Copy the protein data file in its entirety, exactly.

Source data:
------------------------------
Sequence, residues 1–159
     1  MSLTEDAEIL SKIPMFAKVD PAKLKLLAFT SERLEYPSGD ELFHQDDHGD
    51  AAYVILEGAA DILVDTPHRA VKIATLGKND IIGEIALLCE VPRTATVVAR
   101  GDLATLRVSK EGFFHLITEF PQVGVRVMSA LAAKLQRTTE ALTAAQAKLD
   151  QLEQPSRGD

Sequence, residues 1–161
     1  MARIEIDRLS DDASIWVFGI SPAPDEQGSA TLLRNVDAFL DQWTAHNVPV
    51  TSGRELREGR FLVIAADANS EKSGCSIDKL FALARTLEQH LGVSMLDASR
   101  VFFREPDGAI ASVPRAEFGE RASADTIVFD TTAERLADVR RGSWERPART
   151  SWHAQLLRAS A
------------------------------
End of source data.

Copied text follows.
Sequence, residues 1–159
     1  MSLTEDAEIL SKIPMFAKVD PAKLKLLAFT SERLEYPSGD ELFHQDDHGD
    51  AAYVILEGAA DILVDTPHRA VKIATLGKND IIGEIALLCE VPRTATVVAR
   101  GDLATLRVSK EGFFHLITEF PQVGVRVMSA LAAKLQRTTE ALTAAQAKLD
   151  QLEQPSRGD

Sequence, residues 1–161
     1  MARIEIDRLS DDASIWVFGI SPAPDEQGSA TLLRNVDAFL DQWTAHNVPV
    51  TSGRELREGR FLVIAADANS EKSGCSIDKL FALARTLEQH LGVSMLDASR
   101  VFFREPDGAI ASVPRAEFGE RASADTIVFD TTAERLADVR RGSWERPART
   151  SWHAQLLRAS A